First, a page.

It’s Not About Repeal
A whole segment on last night’s Cavuto was devoted to my recently fractured elbow. Slightly excessive, one might say, especially as in the end I’ve come out of it all pretty unscathed – I don’t even have a cast and I’m almost as good as new. However, I adore doing the show and it hopefully made for some amusing viewing.
I joked that it was obviously in the interest of journalistic research that I fell over (in broad daylight, wearing flat shoes) on an icy NYC pavement. Although nobody in their right mind would ever do such a thing, the experience did of course mean I had a bit of a look inside the infamous American healthcare system.
My first thought, as I lay in and out of consciousness on the concrete, was clearly “ow”. The next was: “I’m uninsured”. This is not because I’m a Muppet – it’s just I’ve got a whole load of unique circumstances that I haven’t managed to figure out the insurance for yet.
But for hundreds of millions of people around the world, this is a very shocking thought process to have in the immediate aftermath of an accident. Many in developed countries live by the philosophy that unless everyone can afford to call an ambulance, nobody can.
No system is perfect. But Americans do not have healthcare, they have health insurance. And 50 million Americans do not have that. So 50 million Americans cannot afford, basically, to fall over, let alone do anything more sinister to themselves.
America is still the best country on the planet. The world’s only superpower. I think most would agree its healthcare situation is less than ideal for a country of its great stature.
And so we come to Obamacare, which the Republicans are in the process of trying to repeal. Many argue that it is “un American”. Too “Socialist”.
I find it worth noting to start with, that Obama’s healthcare legislation is based in part on a Republican’s reforms… namely Mitt Romney’s in Massachusetts.
Now I’m a pragmatist. The Republicans have had years to sort healthcare out. They didn’t. They are not about to if repeal ever happens – too many special interest groups, lobbyists etc. would come to the fore. Obama had a unique opportunity to do something and if his legislation remains in place until 2014, when all the reforms kick in, millions of Americans should see the benefit. There are hugely popular elements to much of Obamacare, including the rules on pre-existing conditions and coverage for those up to the age of 26.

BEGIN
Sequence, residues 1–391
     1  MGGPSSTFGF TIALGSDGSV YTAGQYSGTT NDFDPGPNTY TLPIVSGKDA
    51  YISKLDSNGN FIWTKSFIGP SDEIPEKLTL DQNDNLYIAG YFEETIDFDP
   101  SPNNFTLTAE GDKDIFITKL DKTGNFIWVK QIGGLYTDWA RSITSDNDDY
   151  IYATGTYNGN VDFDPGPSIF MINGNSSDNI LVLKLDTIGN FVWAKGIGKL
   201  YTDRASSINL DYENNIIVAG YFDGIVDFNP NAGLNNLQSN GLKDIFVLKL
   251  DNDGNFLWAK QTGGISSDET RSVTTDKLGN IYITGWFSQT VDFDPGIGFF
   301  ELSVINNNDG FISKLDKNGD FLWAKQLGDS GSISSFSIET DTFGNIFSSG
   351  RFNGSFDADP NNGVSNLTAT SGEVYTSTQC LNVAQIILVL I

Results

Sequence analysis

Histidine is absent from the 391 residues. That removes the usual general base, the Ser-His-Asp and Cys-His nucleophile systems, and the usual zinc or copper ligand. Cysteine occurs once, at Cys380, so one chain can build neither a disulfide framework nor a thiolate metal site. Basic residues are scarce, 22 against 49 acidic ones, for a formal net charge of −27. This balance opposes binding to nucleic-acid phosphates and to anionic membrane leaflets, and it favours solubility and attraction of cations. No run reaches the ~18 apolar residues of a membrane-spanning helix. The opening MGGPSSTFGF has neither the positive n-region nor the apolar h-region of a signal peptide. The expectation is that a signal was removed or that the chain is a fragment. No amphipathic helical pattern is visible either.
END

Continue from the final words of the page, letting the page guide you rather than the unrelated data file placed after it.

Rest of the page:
But what about the cost? There are a lot of scaremongers going on about this at the moment.
It should be noted that the non partisan Congressional Budget Office estimates that repeal would add $230 billion to the deficit over the next decade and much more in future years. Adding to the deficit is not where the US wants to be right now.
Obama made cost control central to health reform legislation. This is key. Repeal is not the answer; Americans deserve access to healthcare. But it’s vital that from this point on, Obama fights to strengthen the cost containment mechanisms within the bill.
However this is not enough. Notwithstanding the need for general spending and taxation reform across the board to deal with America’s massive federal deficit, there also has to be a fundamental shift in the American lifestyle.
$147 billion is spent on obesity related healthcare a year. 1 in 3 Americans is obese. Obesity kills 100,000 Americans a year. It is a public health catastrophe that threatens to shorten American life expectancy for the first time since the Civil War. The First Lady is on the right track, but this issue must be addressed with absolute urgency.
Yes, it is important that every American has access to healthcare. But every American also needs access to food and a healthy lifestyle that will help themselves. And taking such personal responsibility is very much the American way.